Archive for December, 2009

Review: Landing Page Optimization by Tim Ash

Going forward, every month we will review a book on either web strategy and optimization or the clean/renewable energy sector.

Landing Page Optimization, an aptly titled book by Tim Ash, is a strong mid-level resource for optimizing websites and performance. Tim, a popular speaker at many conferences, covers all of the basics to undertake a successful project for improving conversions on your website. The book is well-organized, and depending on your background you may opt to focus on certain areas.

The introductory section is very elementary, and most readers may choose to skim or even skip the material entirely; this is especially true of the first two chapters. Immediately thereafter, substantive information and tactics are provided. Very quickly it progresses to areas that are quite advanced, such as full factorial parametric testing. It is at this point that the book falls a little short, you get the feeling that the information is covered at a very surface level, and not necessarily explained in a usable manner. The major takeaway I had was that I need to find a few books on the mathematics of testing to review here.

The final section would be something a marketing manager or director would want to share with their executive sponsor, namely ‘Getting It Done’. Again, depending on your background you may prefer to skim this, however, this informationĀ  is probably more crucial to launching a successful optimization campaign than any of the mathematics.

I had a knowing smile with the caveat to ‘resist temptation to monitor the results frequently’. This is something anyone in the online marketing/optimization space must be very familiar and many of those themes are covered in the final chapter. An excellent summary of everything else in the book.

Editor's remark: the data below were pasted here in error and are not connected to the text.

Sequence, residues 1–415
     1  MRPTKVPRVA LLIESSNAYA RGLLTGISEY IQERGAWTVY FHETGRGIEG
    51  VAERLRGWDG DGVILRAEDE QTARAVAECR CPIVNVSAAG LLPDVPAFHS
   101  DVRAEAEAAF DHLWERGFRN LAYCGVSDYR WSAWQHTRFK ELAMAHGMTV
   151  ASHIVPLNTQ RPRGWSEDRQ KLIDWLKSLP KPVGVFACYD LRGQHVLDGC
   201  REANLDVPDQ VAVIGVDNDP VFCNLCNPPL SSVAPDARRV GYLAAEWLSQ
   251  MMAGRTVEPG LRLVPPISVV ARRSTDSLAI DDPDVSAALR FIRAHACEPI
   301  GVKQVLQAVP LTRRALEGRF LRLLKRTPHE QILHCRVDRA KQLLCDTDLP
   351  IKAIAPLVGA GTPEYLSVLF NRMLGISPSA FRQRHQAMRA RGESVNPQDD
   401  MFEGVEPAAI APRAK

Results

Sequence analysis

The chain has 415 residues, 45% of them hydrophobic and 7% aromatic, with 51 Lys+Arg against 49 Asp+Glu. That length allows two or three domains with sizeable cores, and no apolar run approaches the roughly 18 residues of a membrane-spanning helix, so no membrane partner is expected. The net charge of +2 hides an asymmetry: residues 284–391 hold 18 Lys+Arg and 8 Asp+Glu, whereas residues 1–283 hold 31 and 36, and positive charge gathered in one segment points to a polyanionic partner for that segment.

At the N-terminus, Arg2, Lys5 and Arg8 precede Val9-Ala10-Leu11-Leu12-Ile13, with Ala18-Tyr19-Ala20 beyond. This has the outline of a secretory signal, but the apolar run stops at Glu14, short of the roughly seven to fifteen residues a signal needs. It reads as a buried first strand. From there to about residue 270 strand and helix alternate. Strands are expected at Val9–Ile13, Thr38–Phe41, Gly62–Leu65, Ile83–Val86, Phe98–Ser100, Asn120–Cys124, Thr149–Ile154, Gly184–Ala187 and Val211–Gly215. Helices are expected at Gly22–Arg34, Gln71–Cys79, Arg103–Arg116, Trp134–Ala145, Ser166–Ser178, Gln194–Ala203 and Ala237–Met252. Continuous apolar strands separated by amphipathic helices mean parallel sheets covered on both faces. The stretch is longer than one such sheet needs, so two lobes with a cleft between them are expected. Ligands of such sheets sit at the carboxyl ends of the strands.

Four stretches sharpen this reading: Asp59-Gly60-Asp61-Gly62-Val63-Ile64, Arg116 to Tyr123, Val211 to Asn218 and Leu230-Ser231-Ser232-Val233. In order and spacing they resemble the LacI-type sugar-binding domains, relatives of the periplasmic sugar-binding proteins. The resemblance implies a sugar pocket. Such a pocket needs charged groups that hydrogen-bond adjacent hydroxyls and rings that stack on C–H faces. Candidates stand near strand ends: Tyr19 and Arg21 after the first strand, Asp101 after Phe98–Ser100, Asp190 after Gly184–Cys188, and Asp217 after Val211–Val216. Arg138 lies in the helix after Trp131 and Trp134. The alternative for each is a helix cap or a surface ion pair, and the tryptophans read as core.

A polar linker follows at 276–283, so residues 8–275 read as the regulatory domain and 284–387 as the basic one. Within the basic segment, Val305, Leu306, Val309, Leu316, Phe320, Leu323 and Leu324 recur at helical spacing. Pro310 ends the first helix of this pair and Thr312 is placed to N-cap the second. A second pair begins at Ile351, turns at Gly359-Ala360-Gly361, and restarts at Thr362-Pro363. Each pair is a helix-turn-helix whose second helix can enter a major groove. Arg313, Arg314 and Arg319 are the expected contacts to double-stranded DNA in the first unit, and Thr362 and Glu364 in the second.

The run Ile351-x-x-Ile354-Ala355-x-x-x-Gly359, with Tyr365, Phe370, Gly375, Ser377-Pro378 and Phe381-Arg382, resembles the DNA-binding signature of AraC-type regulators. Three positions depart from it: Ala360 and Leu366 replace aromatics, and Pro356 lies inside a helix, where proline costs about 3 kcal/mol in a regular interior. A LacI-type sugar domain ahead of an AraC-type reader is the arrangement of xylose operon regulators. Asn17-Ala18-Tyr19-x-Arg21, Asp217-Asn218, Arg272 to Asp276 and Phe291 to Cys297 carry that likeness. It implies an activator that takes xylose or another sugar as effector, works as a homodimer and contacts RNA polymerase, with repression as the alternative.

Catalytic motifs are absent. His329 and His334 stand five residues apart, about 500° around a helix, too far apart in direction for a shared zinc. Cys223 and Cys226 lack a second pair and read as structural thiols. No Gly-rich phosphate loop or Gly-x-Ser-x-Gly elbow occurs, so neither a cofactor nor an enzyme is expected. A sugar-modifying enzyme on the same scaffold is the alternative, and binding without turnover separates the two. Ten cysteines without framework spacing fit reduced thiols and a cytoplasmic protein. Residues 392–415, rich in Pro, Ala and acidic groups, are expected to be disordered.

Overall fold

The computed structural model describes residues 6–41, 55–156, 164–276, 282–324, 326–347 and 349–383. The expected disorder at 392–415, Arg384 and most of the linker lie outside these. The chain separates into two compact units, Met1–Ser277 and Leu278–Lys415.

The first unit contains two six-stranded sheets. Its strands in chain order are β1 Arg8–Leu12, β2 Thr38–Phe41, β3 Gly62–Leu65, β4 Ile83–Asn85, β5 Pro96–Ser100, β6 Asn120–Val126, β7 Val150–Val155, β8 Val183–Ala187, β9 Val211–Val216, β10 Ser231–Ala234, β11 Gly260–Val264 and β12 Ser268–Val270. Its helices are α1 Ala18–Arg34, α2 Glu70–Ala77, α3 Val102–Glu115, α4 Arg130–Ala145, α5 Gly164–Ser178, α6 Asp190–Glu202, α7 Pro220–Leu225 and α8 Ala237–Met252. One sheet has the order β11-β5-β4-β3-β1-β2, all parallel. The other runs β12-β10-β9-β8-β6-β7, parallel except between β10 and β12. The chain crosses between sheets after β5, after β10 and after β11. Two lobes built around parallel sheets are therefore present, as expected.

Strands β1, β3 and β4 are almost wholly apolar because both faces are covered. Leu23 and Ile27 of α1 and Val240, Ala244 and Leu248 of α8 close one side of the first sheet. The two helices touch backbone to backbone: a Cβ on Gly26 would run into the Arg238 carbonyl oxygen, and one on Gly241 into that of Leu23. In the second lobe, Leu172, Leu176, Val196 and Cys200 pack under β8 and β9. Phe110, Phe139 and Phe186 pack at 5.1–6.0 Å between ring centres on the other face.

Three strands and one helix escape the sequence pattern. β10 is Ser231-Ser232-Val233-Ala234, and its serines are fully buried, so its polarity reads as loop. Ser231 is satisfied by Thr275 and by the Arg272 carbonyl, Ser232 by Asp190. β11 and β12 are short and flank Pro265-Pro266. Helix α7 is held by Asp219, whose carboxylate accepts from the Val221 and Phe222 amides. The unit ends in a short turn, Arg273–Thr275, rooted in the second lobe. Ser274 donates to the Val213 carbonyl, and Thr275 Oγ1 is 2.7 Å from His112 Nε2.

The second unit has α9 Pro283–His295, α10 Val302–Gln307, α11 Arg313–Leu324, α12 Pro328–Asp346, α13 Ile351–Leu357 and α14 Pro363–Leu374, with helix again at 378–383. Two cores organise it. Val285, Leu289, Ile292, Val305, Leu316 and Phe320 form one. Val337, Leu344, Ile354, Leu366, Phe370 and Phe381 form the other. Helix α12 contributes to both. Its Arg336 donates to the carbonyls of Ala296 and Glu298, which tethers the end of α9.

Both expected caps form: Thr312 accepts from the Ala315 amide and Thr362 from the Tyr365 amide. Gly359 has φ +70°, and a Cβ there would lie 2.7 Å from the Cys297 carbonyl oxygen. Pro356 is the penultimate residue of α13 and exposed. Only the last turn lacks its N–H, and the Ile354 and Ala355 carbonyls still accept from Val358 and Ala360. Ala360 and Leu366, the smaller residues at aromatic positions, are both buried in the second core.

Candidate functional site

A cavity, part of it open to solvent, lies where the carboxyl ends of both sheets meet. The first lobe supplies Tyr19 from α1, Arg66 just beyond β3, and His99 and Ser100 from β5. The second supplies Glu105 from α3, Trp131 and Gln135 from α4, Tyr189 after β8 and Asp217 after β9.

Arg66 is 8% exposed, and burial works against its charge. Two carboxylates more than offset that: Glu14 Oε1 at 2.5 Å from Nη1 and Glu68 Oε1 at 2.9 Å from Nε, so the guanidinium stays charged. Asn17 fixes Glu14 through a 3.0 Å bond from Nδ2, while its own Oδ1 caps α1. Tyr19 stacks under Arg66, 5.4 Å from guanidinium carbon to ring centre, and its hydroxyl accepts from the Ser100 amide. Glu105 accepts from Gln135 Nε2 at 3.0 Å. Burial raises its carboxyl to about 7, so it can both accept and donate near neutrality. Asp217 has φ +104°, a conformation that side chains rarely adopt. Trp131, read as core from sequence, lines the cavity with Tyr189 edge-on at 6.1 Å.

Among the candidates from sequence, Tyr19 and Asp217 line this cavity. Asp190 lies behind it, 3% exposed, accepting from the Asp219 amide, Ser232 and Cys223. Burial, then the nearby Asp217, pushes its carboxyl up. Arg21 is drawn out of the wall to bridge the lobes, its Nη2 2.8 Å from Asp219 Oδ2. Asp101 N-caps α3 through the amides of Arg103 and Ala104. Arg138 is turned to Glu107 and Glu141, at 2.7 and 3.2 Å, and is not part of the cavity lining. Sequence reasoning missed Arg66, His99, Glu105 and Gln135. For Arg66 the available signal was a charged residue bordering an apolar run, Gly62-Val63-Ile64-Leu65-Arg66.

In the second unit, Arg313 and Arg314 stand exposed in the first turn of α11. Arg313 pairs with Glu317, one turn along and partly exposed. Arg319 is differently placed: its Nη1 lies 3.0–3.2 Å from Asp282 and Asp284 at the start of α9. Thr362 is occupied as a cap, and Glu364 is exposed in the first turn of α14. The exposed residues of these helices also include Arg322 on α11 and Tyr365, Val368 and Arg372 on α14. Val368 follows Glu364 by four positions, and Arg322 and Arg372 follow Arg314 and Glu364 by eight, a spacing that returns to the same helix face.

Overall, I would recommend this book for anyone undertaking major optimization campaigns, especially those working in a corporate setting. It will not necessarily provide you with many testing ideas, but it will help you structure your campaigns and acquire the necessary buy-in for a successful endeavor.

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Empower CES — Consumer Marketing

The direct-to-consumer marketing for Empower CES could really use a lot of help.

The design remains amateurish, however we will not focus on that component, which can be easily improved if the right resources are hired.

The messaging, and the lack of calls-to-action, however, need to be addressed. A potential customer arriving to the site has to figure out on their own what the next steps would be if they wanted to purchase anything from Empower. The landing page is simply a side-by-side comparison of installed residential solar systems along with a few bullets highlighting benefits and values of a solar-powered home.

Empower should further highlight the benefits, and have links providing more detail to each of them. In simple terms, how much will the average household save? The finance examples used are too advanced for the average visitor, and can be provided as a deeper link.